The U.K. government on Sept. 15 finally approved the $24-billion Hinkley Point C nuclear power plant, which will be financed and built by state-controlled French and Chinese companies. The deal opens the door to China to own and build the Bradwell B plant using its own reactor design.

Paris-based EDF Energy controls two-thirds of the 3,300-MW Hinckley PWR project in Somerset, with Beijing-based China General Nuclear Corp. holding the financial balance. The companies will finance the project, supported by various U.K. government guarantees and an agreed-upon energy price of $122 per MWh at 2012 values for the first 35 years of operations.

After years of negotiations and opposition to the scheme from various U.K. and French groups, the Hinkley deal was ready for signing this July at a champagne celebration. However, Theresa May, the new U.K. prime minister, halted the deal at the last minute and initiated a review.

The security implications of having Chinese state companies so close to critical infrastructure appear to have been the main concern of the new May administration. The deal had been structured by the administration of David Cameron, who quit after he lost the June referendum on the U.K.’s European Union membership, commonly known as Brexit.

The new agreement essentially requires EDF to secure approval from the U.K. government before selling its controlling interest in the project “prior to the completion of construction.” Other elements of the deal, including the price, remain unchanged.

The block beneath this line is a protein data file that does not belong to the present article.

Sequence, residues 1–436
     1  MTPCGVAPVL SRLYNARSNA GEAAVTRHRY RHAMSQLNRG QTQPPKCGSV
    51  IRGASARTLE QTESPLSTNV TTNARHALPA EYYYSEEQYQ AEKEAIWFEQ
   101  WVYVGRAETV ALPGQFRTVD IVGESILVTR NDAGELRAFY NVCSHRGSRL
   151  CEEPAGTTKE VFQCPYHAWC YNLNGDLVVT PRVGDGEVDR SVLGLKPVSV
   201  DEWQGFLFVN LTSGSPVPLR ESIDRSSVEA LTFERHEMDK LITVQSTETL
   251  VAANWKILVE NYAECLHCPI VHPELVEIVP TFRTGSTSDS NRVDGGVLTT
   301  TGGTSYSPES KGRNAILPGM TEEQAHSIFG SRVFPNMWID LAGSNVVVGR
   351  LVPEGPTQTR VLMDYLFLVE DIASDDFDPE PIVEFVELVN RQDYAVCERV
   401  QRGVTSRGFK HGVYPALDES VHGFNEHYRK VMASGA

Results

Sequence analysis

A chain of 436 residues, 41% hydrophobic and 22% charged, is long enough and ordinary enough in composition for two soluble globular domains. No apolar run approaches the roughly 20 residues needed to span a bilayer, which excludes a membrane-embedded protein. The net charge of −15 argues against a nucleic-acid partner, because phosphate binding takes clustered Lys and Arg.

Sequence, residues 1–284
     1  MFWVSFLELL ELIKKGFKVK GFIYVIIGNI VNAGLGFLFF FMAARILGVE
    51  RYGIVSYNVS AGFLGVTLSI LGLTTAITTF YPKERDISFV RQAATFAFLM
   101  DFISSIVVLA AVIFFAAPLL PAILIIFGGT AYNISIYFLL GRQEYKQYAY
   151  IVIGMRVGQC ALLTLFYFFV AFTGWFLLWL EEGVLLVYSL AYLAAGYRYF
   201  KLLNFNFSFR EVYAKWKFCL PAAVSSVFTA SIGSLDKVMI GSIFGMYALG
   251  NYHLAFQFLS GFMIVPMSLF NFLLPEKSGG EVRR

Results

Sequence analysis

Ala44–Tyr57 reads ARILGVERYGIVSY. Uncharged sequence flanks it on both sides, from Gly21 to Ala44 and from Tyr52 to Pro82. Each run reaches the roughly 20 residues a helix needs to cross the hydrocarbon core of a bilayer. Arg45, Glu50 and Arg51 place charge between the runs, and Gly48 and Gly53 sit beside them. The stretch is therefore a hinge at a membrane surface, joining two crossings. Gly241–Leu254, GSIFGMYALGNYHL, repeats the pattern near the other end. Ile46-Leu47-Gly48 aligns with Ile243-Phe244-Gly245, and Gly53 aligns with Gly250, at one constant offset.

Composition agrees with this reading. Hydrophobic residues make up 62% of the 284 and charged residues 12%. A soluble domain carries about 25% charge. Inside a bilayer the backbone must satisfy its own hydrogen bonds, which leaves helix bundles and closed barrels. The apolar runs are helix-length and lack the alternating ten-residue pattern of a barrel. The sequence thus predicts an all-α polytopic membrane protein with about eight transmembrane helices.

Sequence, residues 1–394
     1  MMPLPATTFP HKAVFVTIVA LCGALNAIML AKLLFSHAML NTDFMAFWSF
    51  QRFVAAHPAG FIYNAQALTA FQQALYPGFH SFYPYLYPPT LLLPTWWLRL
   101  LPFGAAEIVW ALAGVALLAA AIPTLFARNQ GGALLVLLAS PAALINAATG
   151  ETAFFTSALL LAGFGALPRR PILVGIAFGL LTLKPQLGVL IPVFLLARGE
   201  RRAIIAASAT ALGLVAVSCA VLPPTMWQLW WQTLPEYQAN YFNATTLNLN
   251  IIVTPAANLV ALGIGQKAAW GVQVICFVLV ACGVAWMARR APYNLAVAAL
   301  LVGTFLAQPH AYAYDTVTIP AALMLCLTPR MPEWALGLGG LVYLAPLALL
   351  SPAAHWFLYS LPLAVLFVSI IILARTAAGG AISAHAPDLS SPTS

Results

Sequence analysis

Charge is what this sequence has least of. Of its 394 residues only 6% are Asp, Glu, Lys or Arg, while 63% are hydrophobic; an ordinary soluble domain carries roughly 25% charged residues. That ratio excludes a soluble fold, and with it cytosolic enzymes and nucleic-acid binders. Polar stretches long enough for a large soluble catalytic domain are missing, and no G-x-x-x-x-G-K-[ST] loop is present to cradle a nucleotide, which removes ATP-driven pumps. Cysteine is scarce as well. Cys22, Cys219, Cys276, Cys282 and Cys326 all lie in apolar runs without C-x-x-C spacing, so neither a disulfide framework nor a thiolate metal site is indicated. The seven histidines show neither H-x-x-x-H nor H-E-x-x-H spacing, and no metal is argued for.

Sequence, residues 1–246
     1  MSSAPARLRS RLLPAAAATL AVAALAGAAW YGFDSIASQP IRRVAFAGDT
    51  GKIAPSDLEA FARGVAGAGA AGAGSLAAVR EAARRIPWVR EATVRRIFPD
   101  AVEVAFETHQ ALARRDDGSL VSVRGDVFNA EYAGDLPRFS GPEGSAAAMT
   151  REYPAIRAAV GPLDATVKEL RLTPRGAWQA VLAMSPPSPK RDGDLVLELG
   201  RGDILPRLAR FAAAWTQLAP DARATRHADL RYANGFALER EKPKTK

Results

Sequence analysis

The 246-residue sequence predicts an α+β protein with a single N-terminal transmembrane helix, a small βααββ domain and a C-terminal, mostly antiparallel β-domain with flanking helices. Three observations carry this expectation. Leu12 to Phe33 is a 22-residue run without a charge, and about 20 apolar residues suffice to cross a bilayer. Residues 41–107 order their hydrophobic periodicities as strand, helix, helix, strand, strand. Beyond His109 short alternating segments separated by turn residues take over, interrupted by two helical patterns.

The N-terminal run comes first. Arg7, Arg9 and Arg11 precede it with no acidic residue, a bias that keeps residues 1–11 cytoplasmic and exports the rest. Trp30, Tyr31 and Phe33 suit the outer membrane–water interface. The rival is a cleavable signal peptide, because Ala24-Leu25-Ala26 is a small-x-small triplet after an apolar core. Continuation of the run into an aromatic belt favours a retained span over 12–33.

Regarding future foreign-financed nuclear plants, the U.K. government will take a special share, ensuring that significant stakes cannot be sold without consent. Project developers will have to inform the Office for Nuclear Regulation of planned sales, allowing the U.K. government to “take action to protect national security as a result of a change in ownership.”

More generally, the U.K. government will review the national security implications of foreign investment in critical infrastructure.

The new U.K. announcement “marks the relaunch of nuclear in Europe,” according to Jean-Bernard Lévy, Chairman of EDF Group. “We will take the risk and responsibility to deliver Hinkley Point C,” adds Vincent de Rivaz, EDF Energy's CEO. “The experience and expertise gained from restarting new nuclear build in the U.K. will help following projects [to] be even more competitive.”

In a statement, CGN adds, “We are now able to move forward and deliver much-needed nuclear capacity at Hinkley Point, Sizewell and Bradwell with our strategic partners, EDF.”

Under the general Hinkley contract, EDF will control 80% of the planned Sizewell C plant in Suffolk, with CGN owning 20%. Hinkley and Sizewell will use the French EPR reactor design, developed by EDF subsidiary AREVA. But CGN will control development of Maldon, Essex-based Bradwell B, which will likely include the Chinese HPR1000 reactor called Hualong.

Even before final agreements have been signed, the EFF team has invested $3.2 billion to develop the project and on preparatory sitework, says Rivaz. He says the job will employ 25,000 workers.

EDF-CGN has its construction team in place, including Paris-based Bouygues Travaux Publics S.A., which is leading a joint venture with the U.K.’s Laing O’Rourke plc., Dartford. Contracts for nuclear equipment and turbines went to French firms Areva S.A. and Alstom S.A., respectively.